> 5:        39018    1872864    java.nio.HeapByteBuffer
> 6:        14659    1767608    * MethodKlass
> 7:        37364    1494560    java.util.HashMap$KeyIterator
> 8:        1268    1475520    * ConstantPoolKlass
> 9:        24692    1144072    * SymbolKlass
> 10:        31844    1019008    java.lang.String
> 11:        1268    928960    * InstanceKlassKlass
> 12:        1181    895016    * ConstantPoolCacheKlass
> 13:        36811    883464    java.lang.Long
> 14:        19442    777680    java.lang.ref.SoftReference
> 15:        22814    730048    java.util.HashMap$Entry
> 16:        19781    633088    java.lang.Object[]
>
> Sincerely,
>
> Brian
>
>
>
> On Wed, May 23, 2012 at 6:01 PM, Henry Robinson <henry@cloudera.com>wrote:
>
>> Although the amount of Java heap that ZK might be using may go down, the
>> JVM process will still hang on to the physical memory allocated for it and
>> if there is no external pressure from other processes Linux will not need
>> to swap it to disk, hence the RSS will remain roughly constant.
>>
>> That is, the amount of 'real' memory used by a JVM doesn't tell you how
>> much of the JVM's heap is being used. If you believe that the heap usage by
>> ZK is too high, because GC is not finding enough free objects to return to
>> the heap, then that will cause a problem because if you ever do have memory
>> pressure then ZK will start swapping, which is bad.
>>
>> In general, processes on Linux don't usually give memory back - they use
>> as much as they need concurrently, and then the operating system eventually
>> swaps out the unused pages if it needs to.
>>
>> Can you paste the output of jmap -heap <zk-pid> into a reply? That will
>> allow us to see how much of the heap is really being used.
>>
>> Thanks,
>> Henry
>>
>>
>> On 23 May 2012 17:41, Brian Oki <brian@nimbula.com> wrote:
>>
>>> Hello,
>>>
>>> We use ZooKeeper 3.3.3.  On a 3-node site, we've been using Patrick
>>> Hunt's
>>> publicly available latencies test suite to create scenarios that will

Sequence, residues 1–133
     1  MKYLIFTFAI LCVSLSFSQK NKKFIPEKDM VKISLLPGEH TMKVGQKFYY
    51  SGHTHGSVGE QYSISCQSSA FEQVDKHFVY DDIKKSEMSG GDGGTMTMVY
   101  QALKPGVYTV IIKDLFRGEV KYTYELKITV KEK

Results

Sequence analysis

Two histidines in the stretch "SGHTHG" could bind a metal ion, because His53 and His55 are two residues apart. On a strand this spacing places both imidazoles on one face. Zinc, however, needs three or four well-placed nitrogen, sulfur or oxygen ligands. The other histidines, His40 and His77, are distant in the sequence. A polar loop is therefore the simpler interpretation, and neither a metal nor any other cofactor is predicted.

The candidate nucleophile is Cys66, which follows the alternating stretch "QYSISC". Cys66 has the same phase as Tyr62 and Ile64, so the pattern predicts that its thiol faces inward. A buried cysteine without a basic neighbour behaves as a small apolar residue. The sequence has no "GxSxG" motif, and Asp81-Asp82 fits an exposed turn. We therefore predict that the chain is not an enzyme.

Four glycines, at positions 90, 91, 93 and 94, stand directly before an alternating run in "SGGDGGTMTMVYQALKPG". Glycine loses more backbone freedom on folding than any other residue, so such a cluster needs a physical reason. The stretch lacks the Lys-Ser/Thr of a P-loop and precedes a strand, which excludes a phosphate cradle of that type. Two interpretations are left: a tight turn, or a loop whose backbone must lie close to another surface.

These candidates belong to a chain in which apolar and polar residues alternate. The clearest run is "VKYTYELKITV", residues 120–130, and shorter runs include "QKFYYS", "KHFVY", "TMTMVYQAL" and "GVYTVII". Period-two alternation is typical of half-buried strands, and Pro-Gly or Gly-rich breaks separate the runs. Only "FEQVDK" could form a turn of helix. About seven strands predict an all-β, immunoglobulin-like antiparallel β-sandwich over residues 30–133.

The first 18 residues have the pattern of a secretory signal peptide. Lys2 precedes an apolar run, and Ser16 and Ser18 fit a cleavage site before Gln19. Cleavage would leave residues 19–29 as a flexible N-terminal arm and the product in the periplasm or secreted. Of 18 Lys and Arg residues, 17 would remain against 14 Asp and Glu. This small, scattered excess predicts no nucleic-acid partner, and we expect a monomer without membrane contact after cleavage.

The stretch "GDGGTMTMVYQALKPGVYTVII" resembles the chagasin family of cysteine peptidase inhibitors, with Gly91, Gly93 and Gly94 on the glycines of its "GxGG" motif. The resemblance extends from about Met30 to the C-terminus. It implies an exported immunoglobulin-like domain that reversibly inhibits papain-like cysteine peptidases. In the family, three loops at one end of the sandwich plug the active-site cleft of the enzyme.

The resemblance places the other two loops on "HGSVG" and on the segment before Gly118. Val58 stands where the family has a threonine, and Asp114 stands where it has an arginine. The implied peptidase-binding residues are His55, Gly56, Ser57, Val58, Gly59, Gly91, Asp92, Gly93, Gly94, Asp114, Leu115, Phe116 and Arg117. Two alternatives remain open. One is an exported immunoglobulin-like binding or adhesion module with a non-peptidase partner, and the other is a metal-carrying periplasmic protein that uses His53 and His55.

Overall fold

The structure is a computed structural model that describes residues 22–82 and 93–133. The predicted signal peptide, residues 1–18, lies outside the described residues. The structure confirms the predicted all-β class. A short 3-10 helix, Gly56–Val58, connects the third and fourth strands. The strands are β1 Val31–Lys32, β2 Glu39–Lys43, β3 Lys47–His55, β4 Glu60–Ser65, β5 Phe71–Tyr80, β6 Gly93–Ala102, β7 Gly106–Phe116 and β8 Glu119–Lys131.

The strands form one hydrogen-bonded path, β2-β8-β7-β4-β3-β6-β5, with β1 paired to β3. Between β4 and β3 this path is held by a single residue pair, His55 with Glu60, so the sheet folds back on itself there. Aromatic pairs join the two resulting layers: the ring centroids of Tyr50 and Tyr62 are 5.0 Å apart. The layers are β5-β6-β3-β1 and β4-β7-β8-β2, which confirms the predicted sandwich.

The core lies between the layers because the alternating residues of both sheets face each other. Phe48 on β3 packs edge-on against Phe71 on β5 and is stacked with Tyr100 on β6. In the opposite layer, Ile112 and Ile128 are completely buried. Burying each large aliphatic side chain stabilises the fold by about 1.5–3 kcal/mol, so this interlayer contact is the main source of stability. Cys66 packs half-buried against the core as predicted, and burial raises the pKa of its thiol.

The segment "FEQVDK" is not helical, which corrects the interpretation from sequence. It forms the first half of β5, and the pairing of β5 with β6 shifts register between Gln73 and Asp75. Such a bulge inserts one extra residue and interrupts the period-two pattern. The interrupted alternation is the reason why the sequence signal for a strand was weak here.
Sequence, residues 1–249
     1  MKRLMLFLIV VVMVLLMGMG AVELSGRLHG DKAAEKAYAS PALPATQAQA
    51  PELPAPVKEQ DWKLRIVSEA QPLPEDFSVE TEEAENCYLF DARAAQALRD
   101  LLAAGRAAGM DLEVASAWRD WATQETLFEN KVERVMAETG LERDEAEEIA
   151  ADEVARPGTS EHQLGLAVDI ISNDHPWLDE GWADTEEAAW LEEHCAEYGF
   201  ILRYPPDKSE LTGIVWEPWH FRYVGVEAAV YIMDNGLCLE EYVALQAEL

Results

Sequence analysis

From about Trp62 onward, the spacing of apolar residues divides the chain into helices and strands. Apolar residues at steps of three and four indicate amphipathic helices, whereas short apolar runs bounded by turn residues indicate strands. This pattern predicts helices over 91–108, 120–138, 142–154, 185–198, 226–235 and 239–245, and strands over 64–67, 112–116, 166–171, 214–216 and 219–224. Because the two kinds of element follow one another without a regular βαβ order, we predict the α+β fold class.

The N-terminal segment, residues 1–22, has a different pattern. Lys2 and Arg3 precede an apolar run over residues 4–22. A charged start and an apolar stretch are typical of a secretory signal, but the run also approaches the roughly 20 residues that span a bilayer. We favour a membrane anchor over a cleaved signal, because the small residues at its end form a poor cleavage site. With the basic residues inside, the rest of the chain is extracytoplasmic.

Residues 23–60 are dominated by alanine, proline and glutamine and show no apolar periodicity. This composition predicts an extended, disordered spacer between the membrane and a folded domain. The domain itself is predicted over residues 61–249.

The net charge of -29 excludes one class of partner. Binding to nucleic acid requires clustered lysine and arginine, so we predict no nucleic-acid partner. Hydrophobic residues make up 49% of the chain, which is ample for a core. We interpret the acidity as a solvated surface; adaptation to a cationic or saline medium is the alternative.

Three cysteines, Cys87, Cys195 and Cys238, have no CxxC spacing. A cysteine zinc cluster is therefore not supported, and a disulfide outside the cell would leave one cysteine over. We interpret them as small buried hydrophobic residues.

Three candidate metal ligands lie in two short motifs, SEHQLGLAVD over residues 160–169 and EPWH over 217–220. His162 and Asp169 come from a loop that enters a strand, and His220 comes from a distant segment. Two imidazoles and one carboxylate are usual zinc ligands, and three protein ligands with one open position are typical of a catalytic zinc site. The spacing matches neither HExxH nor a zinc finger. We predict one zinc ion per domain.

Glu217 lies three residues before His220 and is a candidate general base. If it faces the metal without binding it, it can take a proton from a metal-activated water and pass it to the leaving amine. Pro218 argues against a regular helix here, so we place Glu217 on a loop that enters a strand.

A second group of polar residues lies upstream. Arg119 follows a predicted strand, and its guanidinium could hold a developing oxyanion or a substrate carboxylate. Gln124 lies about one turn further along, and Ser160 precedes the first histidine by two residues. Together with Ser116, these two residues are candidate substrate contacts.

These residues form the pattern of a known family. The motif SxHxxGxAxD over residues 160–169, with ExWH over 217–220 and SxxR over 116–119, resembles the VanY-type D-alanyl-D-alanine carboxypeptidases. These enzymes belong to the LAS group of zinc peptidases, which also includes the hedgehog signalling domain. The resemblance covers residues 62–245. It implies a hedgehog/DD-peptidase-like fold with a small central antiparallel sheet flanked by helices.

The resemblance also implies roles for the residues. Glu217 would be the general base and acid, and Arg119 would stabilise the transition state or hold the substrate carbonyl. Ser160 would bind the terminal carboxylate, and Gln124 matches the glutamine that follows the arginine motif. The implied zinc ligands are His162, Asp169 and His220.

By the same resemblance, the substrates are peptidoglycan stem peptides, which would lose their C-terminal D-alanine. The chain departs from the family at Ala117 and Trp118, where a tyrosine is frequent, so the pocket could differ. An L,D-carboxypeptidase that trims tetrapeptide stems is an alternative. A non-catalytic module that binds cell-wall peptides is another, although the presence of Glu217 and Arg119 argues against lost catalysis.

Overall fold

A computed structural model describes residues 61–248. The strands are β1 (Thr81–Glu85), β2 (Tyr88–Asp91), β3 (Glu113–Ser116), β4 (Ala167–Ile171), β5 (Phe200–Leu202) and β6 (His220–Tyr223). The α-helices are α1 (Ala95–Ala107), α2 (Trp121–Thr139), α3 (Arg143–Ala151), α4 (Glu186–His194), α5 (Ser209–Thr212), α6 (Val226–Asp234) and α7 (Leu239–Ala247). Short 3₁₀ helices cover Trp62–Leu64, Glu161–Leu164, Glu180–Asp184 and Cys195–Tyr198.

>>> help
>>> us to understand the memory, CPU and disk requirements for a deployment
>>> of
>>> ZooKeeper for our type of workload.  We use a fourth node as the
>>> ZooKeeper
>>> (ZK) client to conduct the tests.
>>>
>>> We modified zk-latencies.py slightly to just create-set-delete znodes
>>> only.
>>>  In particular, we create 1000 permanent znodes, each written with
>>> 250,000
>>> bytes of data.  We do this create-set-delete in a loop, sleeping for 5
>>> seconds between iterations.
>>>
>>> We observe at the ZK leader that the Resident Set Size (RSS) memory
>>> climbs
>>> rapidly to 2.6 GB on an 8 GB RAM node.  The Java heap size of each ZK
>>> server daemon is 3 GB.
>>>
>>> Further, once the test has gone through 15 iterations, all the znodes
>>> created on behalf of the test have been deleted.  There is no further
>>> write
>>> activity to ZK, and no read activity at all.  The system is quiesced.  No
>>> other services are competing for the disk, CPU or RAM during the test.
>>>
>>> Our question is this: The RSS of the ZK leader (and the followers) seems
>>> to
>>> remain at 2.6 GB after the test has completed.  Why?
>>>
>>> We would expect that since all relevant znodes for the test have been
>>> deleted, the leader's RSS should have shrunk considerably, even after 1
>>> hour has passed.  Are we missing something?
>>>
>>> We have used jmap to inspect the heap.  To understand the heap contents
>>> requires detailed implementation knowledge that we don't have, so we
>>> didn't
>>> pursue this avenue any further.
>>>
>>> Configuration:
>>>   3 node servers running ZK daemons as 3-server ensemble
>>>   1 client machine
>>>   each node has 8 GB RAM
>>>   each node has 4 cores
>>>   each node has a 465 GB disk
>>>   ZK release: 3.3.3
>>>   ZK server java heap size: 3 GB
>>>  GC: concurrent low-pause garbage collector
>>>   NIC: bonded 1 Gb NIC
>>>
>>> Thank you.
>>>
>>> Sincerely,
>>>
>>> Brian
>>>
>>
>>
>>
>> --
>> Henry Robinson
>> Software Engineer
>> Cloudera
>> 415-994-6679
>>
>
>


-- 
Henry Robinson
Software Engineer
Cloudera
415-994-6679